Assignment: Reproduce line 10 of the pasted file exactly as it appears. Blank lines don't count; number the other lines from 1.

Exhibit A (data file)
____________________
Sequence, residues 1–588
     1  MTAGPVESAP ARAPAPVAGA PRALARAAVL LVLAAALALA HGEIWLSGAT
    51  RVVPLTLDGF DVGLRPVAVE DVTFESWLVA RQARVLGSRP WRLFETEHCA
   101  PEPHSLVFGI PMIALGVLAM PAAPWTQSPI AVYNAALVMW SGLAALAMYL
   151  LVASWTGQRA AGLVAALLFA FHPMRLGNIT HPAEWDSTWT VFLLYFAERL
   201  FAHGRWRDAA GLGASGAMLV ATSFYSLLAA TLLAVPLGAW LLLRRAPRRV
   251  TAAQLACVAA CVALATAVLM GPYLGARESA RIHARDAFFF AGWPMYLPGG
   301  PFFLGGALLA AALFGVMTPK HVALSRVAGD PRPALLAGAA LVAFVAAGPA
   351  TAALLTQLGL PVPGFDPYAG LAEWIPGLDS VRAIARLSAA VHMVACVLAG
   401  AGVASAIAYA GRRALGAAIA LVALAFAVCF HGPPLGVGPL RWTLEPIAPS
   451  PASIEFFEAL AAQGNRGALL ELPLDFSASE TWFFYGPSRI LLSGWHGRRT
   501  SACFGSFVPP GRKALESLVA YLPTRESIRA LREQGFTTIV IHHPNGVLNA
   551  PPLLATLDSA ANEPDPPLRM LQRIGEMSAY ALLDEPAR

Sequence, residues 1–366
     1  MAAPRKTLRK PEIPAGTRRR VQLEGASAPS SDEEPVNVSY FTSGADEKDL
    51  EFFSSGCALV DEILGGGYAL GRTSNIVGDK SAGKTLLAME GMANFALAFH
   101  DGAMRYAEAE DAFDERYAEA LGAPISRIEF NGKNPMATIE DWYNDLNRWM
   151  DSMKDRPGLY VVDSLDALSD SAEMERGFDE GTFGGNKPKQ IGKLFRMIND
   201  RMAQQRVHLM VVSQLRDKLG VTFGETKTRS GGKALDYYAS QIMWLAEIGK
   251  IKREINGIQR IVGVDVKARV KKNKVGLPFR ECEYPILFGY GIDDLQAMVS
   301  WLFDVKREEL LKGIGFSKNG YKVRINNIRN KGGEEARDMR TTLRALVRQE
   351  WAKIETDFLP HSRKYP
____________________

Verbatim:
   401  AGVASAIAYA GRRALGAAIA LVALAFAVCF HGPPLGVGPL RWTLEPIAPS